Most of the buildings where we live, work and spend our free time were built many years ago, when thermal insulation was not really taken into consideration.
The lack of proper insulation leads to a waste of energy and it makes it very difficult and costly to cool down or warm up these buildings. However, with the continuous arrival of new technologies, many new ways to improve the energy efficiency in buildings have arisen.
Regarding building classification, we can distinguish between residential, commercial or industrial buildings. Among them, the industrial sector has a great importance, as energy efficiency has not been an important topic historically.
As it was mentioned before, we can see great concern is being raised on this issue, together with huge advances in energy efficiency. For that reason, here are some of most trendy approaches towards energy efficiency in industrial buildings:
Insulation: Insulating buildings from the surrounding environment is an excellent way to become more energy-efficient. One example is the Passivhaus standard, a way of building insulation that is already working in the residential sector, allowing up to a 90% reduction in the cooling and heating needs compared to average building blocks. This allows those buildings to use only 15 kWh to heat each square meter of living space in warm climates.
This reduction is possible through a great thermal insulation (including triple glass windows), the lack of woodwork with thermal breaks and a mechanical ventilation system that uses heat exchangers in order to recover heat from the renewed air. Therefore, that big insulation allows Passivhaus buildings to take a big amount of the needed heat from people and the sun. There, this technology has a great potential and many companies are working to adapt everything to reach the same efficiency as in residential buildings but for a much bigger surface, with low cost.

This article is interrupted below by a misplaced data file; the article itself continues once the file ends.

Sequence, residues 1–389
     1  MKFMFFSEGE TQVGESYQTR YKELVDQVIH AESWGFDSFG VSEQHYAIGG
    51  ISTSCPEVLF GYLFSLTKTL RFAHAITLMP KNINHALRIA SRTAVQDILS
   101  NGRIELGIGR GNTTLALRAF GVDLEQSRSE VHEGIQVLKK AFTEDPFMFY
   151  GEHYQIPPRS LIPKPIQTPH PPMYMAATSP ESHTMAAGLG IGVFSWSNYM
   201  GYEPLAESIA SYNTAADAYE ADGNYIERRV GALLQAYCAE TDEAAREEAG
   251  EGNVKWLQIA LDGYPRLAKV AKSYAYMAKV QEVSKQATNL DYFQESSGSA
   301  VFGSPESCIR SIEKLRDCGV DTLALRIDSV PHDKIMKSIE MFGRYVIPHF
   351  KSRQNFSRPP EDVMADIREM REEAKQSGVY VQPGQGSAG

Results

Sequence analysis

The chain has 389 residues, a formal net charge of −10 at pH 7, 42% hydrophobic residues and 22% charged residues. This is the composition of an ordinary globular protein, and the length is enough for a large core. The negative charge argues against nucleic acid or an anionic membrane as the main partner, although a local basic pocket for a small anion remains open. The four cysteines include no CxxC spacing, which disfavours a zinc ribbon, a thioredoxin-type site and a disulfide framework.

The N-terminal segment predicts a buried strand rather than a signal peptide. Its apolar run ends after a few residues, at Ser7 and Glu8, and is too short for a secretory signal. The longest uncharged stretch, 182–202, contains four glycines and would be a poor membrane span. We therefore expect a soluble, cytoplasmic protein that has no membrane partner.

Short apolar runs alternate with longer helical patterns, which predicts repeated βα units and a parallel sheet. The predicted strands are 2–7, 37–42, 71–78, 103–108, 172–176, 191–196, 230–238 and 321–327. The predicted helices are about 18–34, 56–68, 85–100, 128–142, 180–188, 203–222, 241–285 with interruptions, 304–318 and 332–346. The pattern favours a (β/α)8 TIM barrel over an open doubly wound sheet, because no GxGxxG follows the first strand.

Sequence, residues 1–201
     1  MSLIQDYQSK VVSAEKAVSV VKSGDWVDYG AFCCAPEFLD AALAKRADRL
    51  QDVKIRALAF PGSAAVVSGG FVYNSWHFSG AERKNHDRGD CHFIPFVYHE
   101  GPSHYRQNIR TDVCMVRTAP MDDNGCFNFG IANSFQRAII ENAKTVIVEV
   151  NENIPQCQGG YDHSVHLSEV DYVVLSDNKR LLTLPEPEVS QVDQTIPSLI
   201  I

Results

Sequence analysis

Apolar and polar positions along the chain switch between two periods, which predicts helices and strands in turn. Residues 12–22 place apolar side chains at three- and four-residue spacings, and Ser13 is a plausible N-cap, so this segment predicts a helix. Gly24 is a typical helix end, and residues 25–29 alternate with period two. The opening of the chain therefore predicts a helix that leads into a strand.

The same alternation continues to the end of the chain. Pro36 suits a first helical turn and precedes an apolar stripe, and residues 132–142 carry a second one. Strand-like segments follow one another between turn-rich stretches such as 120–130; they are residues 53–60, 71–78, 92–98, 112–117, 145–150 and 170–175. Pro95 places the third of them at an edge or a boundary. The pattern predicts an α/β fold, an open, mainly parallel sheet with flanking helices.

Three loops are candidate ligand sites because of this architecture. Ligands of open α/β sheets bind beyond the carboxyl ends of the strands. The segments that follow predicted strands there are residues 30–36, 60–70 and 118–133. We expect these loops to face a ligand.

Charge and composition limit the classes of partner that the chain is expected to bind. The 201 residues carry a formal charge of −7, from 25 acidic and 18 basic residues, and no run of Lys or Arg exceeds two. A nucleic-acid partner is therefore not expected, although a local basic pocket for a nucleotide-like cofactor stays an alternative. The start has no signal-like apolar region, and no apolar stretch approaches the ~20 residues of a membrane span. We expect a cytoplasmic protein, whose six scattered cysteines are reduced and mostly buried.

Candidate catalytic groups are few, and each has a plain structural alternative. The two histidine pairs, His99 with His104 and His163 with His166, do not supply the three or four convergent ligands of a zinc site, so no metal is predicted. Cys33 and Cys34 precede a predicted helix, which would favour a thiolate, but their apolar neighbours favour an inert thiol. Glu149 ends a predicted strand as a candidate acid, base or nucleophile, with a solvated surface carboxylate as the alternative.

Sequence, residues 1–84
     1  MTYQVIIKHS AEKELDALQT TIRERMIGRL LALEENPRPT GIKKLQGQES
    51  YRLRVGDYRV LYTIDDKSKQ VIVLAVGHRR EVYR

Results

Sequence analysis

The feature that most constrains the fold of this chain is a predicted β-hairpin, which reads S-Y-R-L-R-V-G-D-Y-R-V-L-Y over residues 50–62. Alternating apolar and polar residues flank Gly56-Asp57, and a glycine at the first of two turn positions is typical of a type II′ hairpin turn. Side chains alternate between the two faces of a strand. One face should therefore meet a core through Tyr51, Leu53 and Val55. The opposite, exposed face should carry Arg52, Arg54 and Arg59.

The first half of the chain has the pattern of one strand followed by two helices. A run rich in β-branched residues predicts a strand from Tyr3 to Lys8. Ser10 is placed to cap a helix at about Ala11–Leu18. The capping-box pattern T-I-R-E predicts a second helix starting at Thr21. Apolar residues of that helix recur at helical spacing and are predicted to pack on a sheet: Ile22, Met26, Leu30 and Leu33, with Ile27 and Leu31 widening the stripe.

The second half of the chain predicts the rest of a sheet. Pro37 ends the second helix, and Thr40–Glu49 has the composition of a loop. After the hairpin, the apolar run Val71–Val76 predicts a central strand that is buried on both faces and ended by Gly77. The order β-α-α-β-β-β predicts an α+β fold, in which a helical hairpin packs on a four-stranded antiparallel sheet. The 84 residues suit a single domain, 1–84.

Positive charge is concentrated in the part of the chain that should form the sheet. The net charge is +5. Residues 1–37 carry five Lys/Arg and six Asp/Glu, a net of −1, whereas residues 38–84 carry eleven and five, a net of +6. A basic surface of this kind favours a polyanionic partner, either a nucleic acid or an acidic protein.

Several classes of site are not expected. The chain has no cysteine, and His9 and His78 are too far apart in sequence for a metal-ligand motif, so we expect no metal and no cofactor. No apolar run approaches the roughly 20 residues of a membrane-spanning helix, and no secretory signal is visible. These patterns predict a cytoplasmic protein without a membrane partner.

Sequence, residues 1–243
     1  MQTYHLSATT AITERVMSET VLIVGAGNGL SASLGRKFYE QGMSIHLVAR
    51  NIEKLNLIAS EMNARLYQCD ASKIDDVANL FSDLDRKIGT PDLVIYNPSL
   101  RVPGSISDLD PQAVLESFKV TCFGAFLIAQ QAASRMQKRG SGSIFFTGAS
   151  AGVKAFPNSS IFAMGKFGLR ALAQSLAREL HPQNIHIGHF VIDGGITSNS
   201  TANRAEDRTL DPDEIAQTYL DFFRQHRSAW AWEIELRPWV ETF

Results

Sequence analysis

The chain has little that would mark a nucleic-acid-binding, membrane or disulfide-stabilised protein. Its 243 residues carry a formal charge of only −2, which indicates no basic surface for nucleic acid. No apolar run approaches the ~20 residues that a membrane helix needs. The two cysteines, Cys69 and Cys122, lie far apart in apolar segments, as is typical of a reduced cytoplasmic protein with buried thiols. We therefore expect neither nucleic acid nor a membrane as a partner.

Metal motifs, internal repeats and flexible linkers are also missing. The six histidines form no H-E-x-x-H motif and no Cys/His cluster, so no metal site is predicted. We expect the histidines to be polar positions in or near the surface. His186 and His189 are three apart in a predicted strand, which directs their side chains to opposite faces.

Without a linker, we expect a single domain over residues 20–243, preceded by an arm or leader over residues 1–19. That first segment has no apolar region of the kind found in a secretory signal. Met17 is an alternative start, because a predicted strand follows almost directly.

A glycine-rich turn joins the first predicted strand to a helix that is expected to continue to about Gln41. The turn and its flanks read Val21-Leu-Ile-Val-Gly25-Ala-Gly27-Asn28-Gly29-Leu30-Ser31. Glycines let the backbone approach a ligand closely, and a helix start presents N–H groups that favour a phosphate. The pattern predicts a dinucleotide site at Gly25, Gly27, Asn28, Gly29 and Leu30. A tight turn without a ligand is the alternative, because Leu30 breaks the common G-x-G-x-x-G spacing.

Thermo active building systems (TABS): This technology consists of an embedded water-based surface heating and cooling system, where the pipe is embedded in the central concrete core of a building. With this, we can reduce the energy costs and cooling system components by using the heat power of the day, which is absorbed by the embedded water and exploited during the night to fight the cold outside, or the cooling power of the night, which is exploited during the warm weather during the day. With this system, we mitigate and delay a lot the effect of the outside weather, needing far less cooling or warming capacity.
Refrigeration systems: These are usually carried out with electric motors, which are usually the shaded pole motor (first designed in 1888) and the electronically commutated motor (ECM, first designed in 1962), what shows that these technologies have not evolved during many years. However, QM Power has discovered a new design, the Q-Sync fan motor, which is currently being tried in different supermarkets around the USA. With this synchronous 6-12 watt motor, QM Power have achieved an efficient shift from DC, which is needed to turn on the motor, to AC, which is supplied from the grid, achieving energy cuts of 30% compared to ECM and 80% compared to shaded-pole motors. This results in big energy savings and therefore in a much more efficient building.
In conclusion, as it was showed here, energy efficiency in continuously developing and improving, and these four technologies will for sure contribute to the further advance of this trend.
Energy efficiency is one of the main engineering challenges that experts are currently facing. Do you think you can solve it?